There are some foundational investments that are necessary merely to enter the game. Consider these foundational investments as the ante.
If these foundational elements are not in place, start now to rapidly get them implemented and functional. Doing so will be one giant leap towards preparing to reach the organization’s consumer engagement goals.
Once organizations have met this minimum ante, then it’s time to develop a strategy to win the game and think about the next critical moves.
A guiding roadmap can be articulated that allows organizations to execute on a methodical strategy to reach a defined endpoint and succeed in engaging your consumers. Defining the endpoint – or the organization’s goal for consumer engagement and the resulting technical roadmap to support that goal – is a key next step.
Based on an organization’s engagement mission, consumer experience vision, and propensity for investment in that vision, the roadmap to reach those objectives with clear milestones defined is an important tool.
Keep the guiding principle of simplicity in mind, and the most basic needs and wants of healthcare consumers which include:
- Understanding out-of-pocket costs and coverage calculations
- Access to health records and test results
- Post-visit instructions, and follow up information
- Appointment scheduling and reminders
- Single payment application for provider and health plan
Building a patient engagement strategy
The first place to focus is on experiences or touchpoints that represent the true moments that matter in the consumer experience and address the most basic needs.
Moments that matter have the propensity to surprise the consumer and create a memorable positive experience. These moments are those in which the consumer is not expecting to be impressed, including those where the organization has typically provided a minimum experience and left the consumer wanting more.
Clearly, organizations cannot improve on every engagement dimension at the same time. They must prioritize the most important areas for improvement that align with consumers’ needs. Use this prioritization, and an assessment of your current state in the highest priority engagement dimensions to build a strategy and roadmap for the first three years. Stakeholder focus, and emphasis on experiences that matter, can move an organization up the maturity curve.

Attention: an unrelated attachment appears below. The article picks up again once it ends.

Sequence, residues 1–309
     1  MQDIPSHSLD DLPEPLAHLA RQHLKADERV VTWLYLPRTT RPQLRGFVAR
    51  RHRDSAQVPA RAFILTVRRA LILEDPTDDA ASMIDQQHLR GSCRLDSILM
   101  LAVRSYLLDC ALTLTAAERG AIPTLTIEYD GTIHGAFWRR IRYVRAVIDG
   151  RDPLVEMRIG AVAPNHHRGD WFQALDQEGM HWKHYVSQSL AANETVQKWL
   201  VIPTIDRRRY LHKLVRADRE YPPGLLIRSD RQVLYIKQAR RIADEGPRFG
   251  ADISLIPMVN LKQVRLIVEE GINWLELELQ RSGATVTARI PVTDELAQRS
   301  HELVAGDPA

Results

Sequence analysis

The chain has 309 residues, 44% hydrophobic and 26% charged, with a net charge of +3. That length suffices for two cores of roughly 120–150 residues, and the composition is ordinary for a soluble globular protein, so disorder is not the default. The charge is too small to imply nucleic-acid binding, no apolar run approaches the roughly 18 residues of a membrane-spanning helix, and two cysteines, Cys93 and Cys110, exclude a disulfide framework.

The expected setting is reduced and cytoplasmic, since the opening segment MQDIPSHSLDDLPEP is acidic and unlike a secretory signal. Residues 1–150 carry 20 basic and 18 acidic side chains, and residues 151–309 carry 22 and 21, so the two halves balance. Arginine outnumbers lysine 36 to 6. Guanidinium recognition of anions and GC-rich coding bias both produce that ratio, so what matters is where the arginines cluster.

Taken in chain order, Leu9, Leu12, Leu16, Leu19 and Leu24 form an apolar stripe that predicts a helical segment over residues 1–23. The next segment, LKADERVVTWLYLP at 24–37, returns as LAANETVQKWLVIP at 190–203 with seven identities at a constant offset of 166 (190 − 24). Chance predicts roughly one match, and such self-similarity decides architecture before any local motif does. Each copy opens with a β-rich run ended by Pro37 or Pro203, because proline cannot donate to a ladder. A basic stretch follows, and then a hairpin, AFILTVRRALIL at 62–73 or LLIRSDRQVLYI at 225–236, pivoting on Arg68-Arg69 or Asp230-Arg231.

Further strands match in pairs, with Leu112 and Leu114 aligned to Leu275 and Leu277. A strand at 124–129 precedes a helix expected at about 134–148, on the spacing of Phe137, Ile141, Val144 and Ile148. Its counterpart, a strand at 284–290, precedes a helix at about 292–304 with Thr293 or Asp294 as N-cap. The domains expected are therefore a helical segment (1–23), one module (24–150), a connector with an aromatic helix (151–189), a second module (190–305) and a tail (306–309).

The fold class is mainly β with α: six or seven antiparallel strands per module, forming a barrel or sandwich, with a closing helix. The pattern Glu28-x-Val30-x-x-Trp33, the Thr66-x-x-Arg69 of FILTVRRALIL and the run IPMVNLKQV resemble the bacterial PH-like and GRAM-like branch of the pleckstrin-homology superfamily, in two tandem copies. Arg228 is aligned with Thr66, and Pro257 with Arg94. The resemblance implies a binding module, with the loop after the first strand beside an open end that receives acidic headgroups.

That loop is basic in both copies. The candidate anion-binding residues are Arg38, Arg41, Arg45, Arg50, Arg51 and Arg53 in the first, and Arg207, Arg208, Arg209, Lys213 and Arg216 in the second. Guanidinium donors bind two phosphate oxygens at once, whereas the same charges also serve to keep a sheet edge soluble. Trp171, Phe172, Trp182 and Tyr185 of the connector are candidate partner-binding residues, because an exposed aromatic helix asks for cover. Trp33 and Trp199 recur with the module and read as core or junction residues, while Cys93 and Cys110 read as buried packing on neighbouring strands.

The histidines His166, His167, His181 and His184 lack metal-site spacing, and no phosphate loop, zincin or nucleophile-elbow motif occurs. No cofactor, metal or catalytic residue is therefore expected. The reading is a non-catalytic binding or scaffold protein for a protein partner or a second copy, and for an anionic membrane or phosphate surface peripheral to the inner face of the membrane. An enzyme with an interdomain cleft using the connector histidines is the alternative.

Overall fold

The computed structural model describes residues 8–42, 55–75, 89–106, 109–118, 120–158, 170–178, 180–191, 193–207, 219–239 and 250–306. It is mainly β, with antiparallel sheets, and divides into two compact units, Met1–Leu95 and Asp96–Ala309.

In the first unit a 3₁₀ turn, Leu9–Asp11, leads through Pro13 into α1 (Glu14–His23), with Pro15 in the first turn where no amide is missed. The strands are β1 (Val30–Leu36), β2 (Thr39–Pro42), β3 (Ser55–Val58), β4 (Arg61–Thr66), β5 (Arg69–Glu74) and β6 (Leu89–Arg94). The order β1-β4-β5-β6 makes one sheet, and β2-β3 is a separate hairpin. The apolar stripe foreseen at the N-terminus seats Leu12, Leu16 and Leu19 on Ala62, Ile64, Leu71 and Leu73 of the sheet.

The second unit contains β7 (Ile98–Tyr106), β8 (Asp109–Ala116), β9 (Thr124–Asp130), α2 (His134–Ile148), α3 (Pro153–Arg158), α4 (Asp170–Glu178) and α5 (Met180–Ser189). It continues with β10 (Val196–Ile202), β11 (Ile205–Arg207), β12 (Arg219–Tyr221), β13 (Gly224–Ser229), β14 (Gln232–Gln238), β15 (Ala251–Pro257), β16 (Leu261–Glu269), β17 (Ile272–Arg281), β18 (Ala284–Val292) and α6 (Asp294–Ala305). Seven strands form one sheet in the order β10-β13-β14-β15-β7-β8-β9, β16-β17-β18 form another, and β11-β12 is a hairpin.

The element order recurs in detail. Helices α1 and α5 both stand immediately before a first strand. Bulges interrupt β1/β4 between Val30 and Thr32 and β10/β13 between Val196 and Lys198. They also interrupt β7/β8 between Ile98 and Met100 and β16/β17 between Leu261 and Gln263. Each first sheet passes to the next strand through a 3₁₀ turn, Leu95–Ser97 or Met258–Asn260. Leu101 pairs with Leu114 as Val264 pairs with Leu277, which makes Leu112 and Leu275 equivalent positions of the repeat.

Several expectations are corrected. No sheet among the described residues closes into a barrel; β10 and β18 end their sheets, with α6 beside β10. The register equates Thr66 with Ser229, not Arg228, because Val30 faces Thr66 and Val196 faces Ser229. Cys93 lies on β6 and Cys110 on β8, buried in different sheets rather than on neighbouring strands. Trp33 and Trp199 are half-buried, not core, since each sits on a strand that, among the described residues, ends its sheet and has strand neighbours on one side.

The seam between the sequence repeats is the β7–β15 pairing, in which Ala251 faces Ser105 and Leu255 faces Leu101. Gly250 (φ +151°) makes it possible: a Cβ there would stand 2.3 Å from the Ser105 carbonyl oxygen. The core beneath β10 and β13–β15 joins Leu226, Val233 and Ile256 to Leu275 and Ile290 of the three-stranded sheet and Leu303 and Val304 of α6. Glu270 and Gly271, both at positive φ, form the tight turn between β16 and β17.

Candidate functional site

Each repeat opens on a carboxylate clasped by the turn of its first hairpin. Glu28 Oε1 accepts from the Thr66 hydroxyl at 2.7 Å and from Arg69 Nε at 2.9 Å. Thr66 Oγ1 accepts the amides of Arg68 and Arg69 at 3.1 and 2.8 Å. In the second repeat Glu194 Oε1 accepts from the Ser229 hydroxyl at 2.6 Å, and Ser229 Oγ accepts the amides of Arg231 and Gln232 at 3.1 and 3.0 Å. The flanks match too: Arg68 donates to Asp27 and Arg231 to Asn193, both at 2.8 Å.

For instance, if one priority for engagement is helping consumers understand and engage around their out-of-pocket expenses for various treatment plans, an organization may start with online patient education around financial transactions or making it easier to calculate out-of-pocket costs within their health plan.
It may also include a technical solution for providers to help them discuss treatment options and expenses with patients.
If provider collaboration is on the agenda, then the organization may wish to invest in technical tools that allow payers and providers to easily share real-time data to coordinate patient care or reach out to patients via mobile apps at certain points in the treatment plan.
Additional provider collaboration tools may include patient-facing applications that allow health, payment and compliance data to be shared with payer and provider across all aspects of the care continuum.
In summary, the healthcare market is becoming much more consumer driven and that transformation needs technology to support it. Providers, payers, and all healthcare stakeholders have a great deal of work to do, and a strategy to drive that investment and effort is imperative.
Remember the old maxim “if you don’t know where you are going, any road will get you there.” Understanding the four guiding principles of consumer engagement, along with the foundational investments and strategies needed to put those guidelines into action, are the keys to winning the engagement game and empowering consumers more completely in their healthcare so that healthcare organizations can yield the benefits.
Laurie Ringlein is a Practice Director at Top Tier Consulting (T2C). She has more than 27 years of experience as a business leader and management consultant in the healthcare and technology sectors. She works with not-for-profit and publicly traded clients across all lines of business. Laurie has deep expertise and specializes in business process optimization, re-design, and improvement leveraging technology to improve the consumer experience and reduce cost.